In 2016, people could not shut up about chatbots. Facebook, Microsoft, Amazon, and many more of the world's largest tech companies touted chatbots as the future of customer service.
No longer would you need to employ large quantities of costly humans to take care of your customer's needs. A few handy automated bots would now be able to handle them for you.
Everyone jumped on board. The media immediately started talking about bots replacing humans. Bloggers wrote about bots killing off apps completely. (full disclosure: we do believe in the death of apps, just not by bots)
2017 was going to be the year of the chatbot. Then, out of nowhere, Facebook quietly admitted defeat, and scaled back their chatbot AI platform.
What happened? Why did the bots fail?
To understand that, we have to look at where these bots came from.
What is machine learning?
As it turns out, it's incredibly difficult to recreate how the human brain functions. The world's smartest engineers have been trying for decades to find a way to help machines learn the same way a brain does.
Computers need instructions. For everything. Those instructions are given to them through code. "Machine learning" would essentially allow computers to write their own code based on data they receive.
There are some examples of basic machine learning already being used in the real world. You've probably heard the term "algorithm" before.
Facebook uses an algorithm in their news feed, analyzing how you interact with content you receive, and then customizing your feed based on your reactions. This is an automated algorithm that requires no human involvement.
A more accurate term to describe this type of machine learning would be predictive analytics. The algorithm makes predictions based on patterns it identifies.
Why automated chatbots are so hard to build
With chatbots, things get infinitely more complicated. This is not simple predictive analytics at work here.
Now, we are trying to teach computers to talk. We're expecting computers to understand how humans communicate, and to adapt on the fly. But human communication is incredibly complex.
It takes a lifetime just for humans to learn how to communicate efficiently!
“Everyone going after AI to try make this scale seems a little too soon. Texting to a computer that doesn’t understand many things you are saying can be very aggravating. So be careful early not to over promise, and give users guard rails” — Josh Elman, Partner at Greylock
"Very aggravating... set realistic expectations... don't over promise..."
Does that sound like an amazing customer experience to you?
For the past several years, retailers have been constantly reminded of the need to improve and perfect their customer experience. It's the only way to stand out in an incredibly competitive industry.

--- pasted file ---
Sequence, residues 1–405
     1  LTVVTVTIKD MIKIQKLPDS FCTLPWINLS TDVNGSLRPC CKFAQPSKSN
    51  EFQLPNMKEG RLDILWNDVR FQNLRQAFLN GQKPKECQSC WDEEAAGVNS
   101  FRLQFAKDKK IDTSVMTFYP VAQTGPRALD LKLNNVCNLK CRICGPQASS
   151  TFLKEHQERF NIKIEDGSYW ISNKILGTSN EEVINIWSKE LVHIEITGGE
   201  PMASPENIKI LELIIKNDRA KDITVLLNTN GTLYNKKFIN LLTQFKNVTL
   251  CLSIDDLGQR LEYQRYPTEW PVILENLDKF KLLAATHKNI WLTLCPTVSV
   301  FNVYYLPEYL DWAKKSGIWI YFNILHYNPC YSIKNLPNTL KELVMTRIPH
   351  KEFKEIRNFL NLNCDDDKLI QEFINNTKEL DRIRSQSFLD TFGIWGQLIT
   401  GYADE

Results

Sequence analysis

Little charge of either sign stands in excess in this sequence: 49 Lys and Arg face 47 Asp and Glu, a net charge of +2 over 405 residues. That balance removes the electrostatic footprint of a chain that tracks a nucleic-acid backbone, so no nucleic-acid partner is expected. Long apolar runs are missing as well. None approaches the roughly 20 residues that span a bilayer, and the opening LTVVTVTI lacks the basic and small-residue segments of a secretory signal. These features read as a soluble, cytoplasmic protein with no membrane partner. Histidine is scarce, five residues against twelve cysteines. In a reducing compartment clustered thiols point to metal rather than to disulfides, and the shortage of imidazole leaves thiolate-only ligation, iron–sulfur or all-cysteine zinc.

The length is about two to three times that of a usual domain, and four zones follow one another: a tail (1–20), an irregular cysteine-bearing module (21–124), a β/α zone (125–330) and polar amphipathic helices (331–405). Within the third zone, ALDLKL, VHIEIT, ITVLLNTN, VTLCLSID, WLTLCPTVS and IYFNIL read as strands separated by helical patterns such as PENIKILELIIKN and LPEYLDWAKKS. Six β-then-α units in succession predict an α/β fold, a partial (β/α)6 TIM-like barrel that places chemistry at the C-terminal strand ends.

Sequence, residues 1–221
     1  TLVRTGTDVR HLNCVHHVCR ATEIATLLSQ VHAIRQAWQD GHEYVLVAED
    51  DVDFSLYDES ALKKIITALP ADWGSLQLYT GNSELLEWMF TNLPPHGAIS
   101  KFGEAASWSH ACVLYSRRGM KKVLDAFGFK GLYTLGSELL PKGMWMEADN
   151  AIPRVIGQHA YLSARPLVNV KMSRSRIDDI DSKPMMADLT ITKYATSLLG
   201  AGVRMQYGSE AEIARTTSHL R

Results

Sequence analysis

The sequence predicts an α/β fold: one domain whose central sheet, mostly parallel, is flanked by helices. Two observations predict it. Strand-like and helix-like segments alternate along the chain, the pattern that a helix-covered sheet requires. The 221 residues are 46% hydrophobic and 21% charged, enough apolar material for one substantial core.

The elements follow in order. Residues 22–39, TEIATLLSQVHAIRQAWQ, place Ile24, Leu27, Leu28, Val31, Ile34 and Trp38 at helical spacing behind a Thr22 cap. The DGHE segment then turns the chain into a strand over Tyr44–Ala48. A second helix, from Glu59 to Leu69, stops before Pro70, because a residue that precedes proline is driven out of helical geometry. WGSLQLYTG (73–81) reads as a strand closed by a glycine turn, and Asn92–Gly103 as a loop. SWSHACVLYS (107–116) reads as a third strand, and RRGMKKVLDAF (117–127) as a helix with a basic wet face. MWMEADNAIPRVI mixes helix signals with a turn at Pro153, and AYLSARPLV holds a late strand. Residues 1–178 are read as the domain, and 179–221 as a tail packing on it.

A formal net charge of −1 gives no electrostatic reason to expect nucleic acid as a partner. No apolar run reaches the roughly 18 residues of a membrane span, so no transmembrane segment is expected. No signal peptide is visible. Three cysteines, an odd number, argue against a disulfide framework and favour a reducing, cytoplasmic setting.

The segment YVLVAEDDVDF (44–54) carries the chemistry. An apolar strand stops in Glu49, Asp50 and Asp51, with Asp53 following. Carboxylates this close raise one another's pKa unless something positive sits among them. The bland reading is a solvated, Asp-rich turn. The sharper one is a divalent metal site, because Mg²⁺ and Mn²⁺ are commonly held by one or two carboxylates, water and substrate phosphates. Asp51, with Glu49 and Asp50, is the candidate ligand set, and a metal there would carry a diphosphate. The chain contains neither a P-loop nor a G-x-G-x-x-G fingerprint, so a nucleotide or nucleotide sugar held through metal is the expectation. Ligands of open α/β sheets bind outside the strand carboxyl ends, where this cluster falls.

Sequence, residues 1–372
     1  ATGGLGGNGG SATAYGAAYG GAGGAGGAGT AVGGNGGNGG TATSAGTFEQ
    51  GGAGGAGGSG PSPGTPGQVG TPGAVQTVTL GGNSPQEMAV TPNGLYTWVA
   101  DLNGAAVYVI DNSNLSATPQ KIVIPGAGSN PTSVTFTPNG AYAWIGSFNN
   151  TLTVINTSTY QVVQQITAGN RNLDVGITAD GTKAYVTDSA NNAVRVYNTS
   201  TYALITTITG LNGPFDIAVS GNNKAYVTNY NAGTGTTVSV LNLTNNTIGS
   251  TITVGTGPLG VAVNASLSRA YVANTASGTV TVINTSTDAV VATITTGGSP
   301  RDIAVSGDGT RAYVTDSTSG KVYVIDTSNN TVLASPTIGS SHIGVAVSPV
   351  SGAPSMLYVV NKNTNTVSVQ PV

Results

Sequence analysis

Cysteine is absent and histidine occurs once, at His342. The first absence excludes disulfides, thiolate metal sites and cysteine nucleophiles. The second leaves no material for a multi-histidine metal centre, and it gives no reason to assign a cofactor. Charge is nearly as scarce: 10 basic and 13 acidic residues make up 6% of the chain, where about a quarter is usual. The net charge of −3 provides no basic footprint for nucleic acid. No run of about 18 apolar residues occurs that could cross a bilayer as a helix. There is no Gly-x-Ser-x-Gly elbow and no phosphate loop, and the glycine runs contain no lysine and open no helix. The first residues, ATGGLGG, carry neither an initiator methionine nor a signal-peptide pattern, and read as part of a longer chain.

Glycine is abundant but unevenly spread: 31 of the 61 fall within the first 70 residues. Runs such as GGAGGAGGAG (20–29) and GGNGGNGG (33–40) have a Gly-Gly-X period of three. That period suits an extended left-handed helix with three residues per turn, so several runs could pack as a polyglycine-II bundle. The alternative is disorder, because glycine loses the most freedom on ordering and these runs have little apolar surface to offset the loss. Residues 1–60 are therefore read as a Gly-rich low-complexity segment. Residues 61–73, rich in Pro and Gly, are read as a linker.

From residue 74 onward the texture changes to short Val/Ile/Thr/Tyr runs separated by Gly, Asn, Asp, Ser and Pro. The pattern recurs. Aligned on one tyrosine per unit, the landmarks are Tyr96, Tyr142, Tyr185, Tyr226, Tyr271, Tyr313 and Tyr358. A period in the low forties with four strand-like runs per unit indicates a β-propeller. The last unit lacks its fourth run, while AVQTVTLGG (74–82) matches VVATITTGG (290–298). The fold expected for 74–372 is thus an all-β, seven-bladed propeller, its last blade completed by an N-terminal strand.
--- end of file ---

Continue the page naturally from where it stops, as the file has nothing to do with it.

So why are we always so quick to try to remove the most important piece of that experience, the humans?
There's definitely a need, but it must be addressed differently
Chatbots are a perfect example of a mistake as old as the computer itself; putting tech ahead of your customer.
- Does replacing humans with chatbots improve your customer experience? No.
- Does it at least preserve your incredible customer experience while reducing costs? No.
- Is it a cheap gimmick that businesses rushed to implement because their accountants were salivating at the opportunity to reduce their expensive human workforce? 🤔
Chatbots are not a suitable replacement for human interaction. Not now, not ever.
But, there is a need for improvement in customer service, one that is not being filled for too many retailers.
Twitter recently published a fascinating study on customer service response time, and how crucial it is for modern businesses. Here's my favorite takeaway:
When an airline responded to a customer’s Tweet in less than six minutes, the customer was willing to pay almost $20 more for that airline in the future. Similarly, in the telco industry, customers are willing to pay $17 more per month for a phone plan if they receive a reply within four minutes, but are willing to pay only $3.52 more if they have to wait over 20 minutes.
This is what drove companies to chatbots. They were searching for a solution that offered instant responses to their customer's needs. Of course, we know now that it failed.
Humans have the ability to fill this need, they just need a little help doing it. The future is humans augmented with AI, not replaced by it.
We'll let our friends over at Bicycle.ai explain it.
AI today is capable of a lot of things, but they are certainly better at some tasks than other. Organizing, looking up and providing accurate information is one of AI’s strong suits. This is why we use Natural Language Processing (NLP) to detect the incoming intent and suggest answers for agents to use. We believe that humans should do what they are best at, having conversations. We make sure that the relevant, up-to-date and compliant answers are always there for them. - Matt Szaszko, Product Manager
Couldn't have said it better myself.
We are a long way away from machines having the ability read, understand, and respond to human intentions. Humans are the only ones who can do that.
Artificial Intelligence, powered by high quality data, will empower them to do it better than ever.
You might even think of them as... super-humans.
About the AuthorFollow on Twitter Follow on Linkedin